Saturday, August 30, 2008

Funnniest movie in a loooong time:

You HAVE to see Hamlet 2. Nate and I cackled through the whole movie. My cheeks actually hurt when we left. Make sure to stay through the credits for the awesome closing credits song, too.
We were the only ones in the theater, which was a shame, because this movie is wonderful.
I predict it will be another Office Space type sleeper hit once it comes out on DVD. I hope they have the whole musical on the DVD extras. That would R-O-C-K!! (Literally, lol!)
For those who see it: I believe the narrator is Peter O'Toole, rounding out a surprisingly stellar cast for such a small film.

Friday, August 29, 2008

Are we fucked?

By we, I mean liberals. And if you're not with me, you're against me, so stop reading, lol.

First: GREAT convention, GREAT and historic acceptance speech. BLAH BLAH BLAH...

McCain picked a hockey mom with five kids (one w/Down's Syndrome), a blue-collar oilman husband, a kid going to Iraq, and who is adamently anti-choice, a hunter and a lifetime NRA member. Sure she has zero--really: ZERO!!--experience and she is, as I mentioned, ADAMENTLY anti-choice. But she is a 44-year-old SUPERMOM. (She went back to work days after giving birth this past spring!) So here come the Hillary-bots, right? Am I wrong?? PLEASE feel free to explain my faulty logic, as I really need to think differently right now. I went to sleep with such hope and woke to this...this...SHIT!!

My intellect wants to say something profound here, but my gut is SCREAMING:

FUCK McCain and the Hillary-bots he rode in on!!!!

Tuesday, August 19, 2008

More Picture Pages; More Great-Grandparents

I wish I had a scanner for some older pics of mine, but here are some my mom had emailed me over the years.

The side yard in the (appx.)'60s. That slope down from the sidewalk is steeper, now. The bushes in the foreground are replaced by a tree and a few shade perennials. And the pines in front of the ghouse ar emuch taller. Otherwise, the same.

The back of the house appx. the same time period. I love the back porchj the way it was. The pretty white railing was, at some point, replaced by (now rusty) black wrought iron. And our woooden screen door is no more, although I'd like to replace it once we start painting the exterior.

My Greats in the other side yard. It was really flat then... And landscaped...sigh... Thirty years of neglect before my great-grandapa died has assured us an uphill climb with the landscaping porject. Seven years and counting... Someday...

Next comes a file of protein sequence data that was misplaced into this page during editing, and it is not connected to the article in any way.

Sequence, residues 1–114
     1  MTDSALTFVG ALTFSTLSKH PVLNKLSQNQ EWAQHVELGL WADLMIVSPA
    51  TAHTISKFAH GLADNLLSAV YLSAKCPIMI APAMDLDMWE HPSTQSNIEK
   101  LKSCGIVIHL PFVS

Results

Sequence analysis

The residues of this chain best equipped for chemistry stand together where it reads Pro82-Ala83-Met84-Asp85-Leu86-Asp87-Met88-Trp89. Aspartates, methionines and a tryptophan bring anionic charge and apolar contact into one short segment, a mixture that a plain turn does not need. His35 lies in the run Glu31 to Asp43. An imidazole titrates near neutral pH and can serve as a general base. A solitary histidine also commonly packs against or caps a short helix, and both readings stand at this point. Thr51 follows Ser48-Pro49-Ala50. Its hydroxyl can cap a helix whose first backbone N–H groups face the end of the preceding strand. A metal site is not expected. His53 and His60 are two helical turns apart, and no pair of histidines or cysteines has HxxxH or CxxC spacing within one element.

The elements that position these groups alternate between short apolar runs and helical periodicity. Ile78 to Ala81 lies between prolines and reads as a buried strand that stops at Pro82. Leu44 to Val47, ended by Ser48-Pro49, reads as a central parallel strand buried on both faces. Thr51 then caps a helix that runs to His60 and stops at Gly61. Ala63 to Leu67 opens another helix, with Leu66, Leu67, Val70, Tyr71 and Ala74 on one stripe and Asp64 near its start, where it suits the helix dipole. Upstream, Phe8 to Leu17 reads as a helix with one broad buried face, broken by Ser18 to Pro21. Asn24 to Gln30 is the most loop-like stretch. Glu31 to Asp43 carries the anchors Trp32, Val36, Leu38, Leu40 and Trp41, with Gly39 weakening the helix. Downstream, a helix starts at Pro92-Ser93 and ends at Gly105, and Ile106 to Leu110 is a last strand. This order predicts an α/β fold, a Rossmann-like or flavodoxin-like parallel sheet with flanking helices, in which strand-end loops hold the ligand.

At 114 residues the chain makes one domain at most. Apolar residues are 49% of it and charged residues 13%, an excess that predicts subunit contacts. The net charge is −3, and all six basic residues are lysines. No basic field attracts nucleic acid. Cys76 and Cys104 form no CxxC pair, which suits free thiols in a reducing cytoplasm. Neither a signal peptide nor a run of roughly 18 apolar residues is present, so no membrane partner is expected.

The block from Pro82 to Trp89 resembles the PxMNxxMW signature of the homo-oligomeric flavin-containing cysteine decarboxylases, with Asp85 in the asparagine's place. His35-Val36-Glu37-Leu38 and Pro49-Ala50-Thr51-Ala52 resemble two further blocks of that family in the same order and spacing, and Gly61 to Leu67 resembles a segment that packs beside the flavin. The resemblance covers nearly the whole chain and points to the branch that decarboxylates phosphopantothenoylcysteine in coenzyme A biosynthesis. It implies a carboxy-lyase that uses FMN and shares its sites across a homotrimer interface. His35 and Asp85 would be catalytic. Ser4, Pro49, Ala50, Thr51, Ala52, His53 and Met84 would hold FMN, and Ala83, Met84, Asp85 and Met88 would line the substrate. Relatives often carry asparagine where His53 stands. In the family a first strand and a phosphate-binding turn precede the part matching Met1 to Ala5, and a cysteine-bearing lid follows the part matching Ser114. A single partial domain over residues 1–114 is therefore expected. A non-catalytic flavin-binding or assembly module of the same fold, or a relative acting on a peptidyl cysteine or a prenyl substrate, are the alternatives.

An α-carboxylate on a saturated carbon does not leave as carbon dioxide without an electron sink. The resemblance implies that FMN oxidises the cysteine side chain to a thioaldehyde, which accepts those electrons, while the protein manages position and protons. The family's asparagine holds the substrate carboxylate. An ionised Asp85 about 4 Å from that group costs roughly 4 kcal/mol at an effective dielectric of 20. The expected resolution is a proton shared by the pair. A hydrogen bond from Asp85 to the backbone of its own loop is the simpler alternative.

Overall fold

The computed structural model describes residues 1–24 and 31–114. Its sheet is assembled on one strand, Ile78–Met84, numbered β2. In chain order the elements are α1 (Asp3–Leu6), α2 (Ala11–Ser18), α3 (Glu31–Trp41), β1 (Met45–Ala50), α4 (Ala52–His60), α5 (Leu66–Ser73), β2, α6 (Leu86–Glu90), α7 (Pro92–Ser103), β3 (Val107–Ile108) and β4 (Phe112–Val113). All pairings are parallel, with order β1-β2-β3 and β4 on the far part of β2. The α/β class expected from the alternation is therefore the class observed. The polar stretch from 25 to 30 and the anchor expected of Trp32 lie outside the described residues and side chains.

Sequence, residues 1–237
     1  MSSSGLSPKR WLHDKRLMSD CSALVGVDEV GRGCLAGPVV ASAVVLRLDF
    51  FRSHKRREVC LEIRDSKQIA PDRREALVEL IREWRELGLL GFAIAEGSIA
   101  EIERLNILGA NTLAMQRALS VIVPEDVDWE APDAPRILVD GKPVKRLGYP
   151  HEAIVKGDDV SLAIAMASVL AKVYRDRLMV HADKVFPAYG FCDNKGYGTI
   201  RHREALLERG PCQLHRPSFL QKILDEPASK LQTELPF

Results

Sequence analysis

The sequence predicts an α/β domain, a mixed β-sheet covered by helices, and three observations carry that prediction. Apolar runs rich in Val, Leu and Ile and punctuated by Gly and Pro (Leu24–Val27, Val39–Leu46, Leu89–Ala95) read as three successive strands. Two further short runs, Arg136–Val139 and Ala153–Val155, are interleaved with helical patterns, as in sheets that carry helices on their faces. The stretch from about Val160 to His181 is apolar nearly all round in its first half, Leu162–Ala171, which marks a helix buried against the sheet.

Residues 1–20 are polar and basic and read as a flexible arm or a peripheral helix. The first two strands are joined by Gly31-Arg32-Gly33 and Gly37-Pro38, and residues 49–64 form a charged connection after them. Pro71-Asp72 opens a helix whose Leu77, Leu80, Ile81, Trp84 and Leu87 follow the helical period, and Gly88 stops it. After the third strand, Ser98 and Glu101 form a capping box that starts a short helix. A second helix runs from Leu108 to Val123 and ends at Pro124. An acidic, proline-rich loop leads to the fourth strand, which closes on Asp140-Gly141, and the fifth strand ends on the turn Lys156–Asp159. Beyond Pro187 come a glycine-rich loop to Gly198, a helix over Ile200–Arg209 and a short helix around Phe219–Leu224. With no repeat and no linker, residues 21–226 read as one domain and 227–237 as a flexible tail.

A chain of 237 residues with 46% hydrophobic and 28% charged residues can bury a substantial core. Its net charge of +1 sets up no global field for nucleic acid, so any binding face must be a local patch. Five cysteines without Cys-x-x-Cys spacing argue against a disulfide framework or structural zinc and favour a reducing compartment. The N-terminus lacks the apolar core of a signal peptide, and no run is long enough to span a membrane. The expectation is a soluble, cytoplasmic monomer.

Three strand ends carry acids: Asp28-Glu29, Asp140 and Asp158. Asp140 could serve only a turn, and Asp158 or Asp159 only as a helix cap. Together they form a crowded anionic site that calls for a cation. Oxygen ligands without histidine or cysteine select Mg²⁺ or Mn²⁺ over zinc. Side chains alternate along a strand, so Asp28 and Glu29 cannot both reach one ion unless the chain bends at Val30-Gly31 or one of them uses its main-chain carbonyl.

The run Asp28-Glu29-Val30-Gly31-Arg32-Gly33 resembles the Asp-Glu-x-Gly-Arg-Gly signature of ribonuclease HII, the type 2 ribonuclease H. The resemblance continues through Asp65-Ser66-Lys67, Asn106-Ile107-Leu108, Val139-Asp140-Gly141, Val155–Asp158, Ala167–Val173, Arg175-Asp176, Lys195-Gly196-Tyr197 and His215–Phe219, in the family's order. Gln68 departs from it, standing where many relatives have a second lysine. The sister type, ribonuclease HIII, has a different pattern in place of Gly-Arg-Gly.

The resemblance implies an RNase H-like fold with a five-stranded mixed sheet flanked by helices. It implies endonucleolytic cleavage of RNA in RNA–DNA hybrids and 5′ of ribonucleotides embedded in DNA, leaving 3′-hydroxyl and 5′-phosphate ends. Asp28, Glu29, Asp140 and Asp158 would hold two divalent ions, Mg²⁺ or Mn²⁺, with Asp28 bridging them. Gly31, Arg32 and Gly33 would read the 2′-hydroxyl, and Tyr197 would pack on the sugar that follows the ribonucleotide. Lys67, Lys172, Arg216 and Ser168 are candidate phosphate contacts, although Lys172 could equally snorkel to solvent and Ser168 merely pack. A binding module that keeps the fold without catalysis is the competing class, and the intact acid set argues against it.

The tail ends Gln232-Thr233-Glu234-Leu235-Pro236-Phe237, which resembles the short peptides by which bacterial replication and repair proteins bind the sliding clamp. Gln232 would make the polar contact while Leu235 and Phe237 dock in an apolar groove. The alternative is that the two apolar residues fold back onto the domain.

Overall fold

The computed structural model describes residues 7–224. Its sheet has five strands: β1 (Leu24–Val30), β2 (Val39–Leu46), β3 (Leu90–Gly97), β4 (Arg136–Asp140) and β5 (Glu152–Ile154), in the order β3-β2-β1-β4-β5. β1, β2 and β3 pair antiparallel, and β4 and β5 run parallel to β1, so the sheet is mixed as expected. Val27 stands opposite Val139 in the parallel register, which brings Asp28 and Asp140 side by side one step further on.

The greats' vegetable garden. I'm not even going to pretend we'll replace that someday, but Nate has high hopes.

The back yard, complete with dog pen, ca. '60s or '70s.
Supposedly my back yard at some point in time. I can't/don't believe it.
My great-grandpa's redtick coonhound, Sam.
My bluetick coonhound, Zelda. (RIP)
My great-grandma and my mother by my kitchen sink. Th esame kitchen sink. The same cabinets. the same (much beloved) stove. And we even have garbage cans just like that, although not the SAME ones.
My kitchen when we first re-did the floor to tiles. But the same kitchen table and chairs my grandparents (alnost) always had in the kitchen.
I love my house almost as much as my grandma must have. I hope I would have made her proud of it with our changes and fixing it up.

Tuesday, August 12, 2008

It occurs to me...

how very much I am becoming my grandmothers. I seem to have skipped right over my mother and landed on the "grands" and "greats."

First there's the shape of my upper arms, which look exactly like my mother's mother's arms used to--she is thinner, now--and her mother's arms before her. General shape of my body: CHECK. The authoritative eyebrow raise: I've always had that; my mother tries, bless her heart, but looks a bit... confused or something. (She has other ways to exert authority.) And then there's my hands...fatty and wrinkly. An...odd...combination. Finally the old lady purse hold. I don't know that any of my female forebears actually did this, but they must or must have as it seems nearly universal. To wit: the first picture in the last post. (Go ahead and check it out; I'll wait...) I was re-studying it after Ma and BFF commented on it and noticed: There! Look!! It's a grandma. Ramrod straight posture with her hands folded protectively and a bit defiantly over her very large purse. Yes, there are tissues in it, but no hard candies. Gum, sure. Mints, check. Wait... That's what Ma's ma always had when I was a kid. Should I be scared or grateful or both?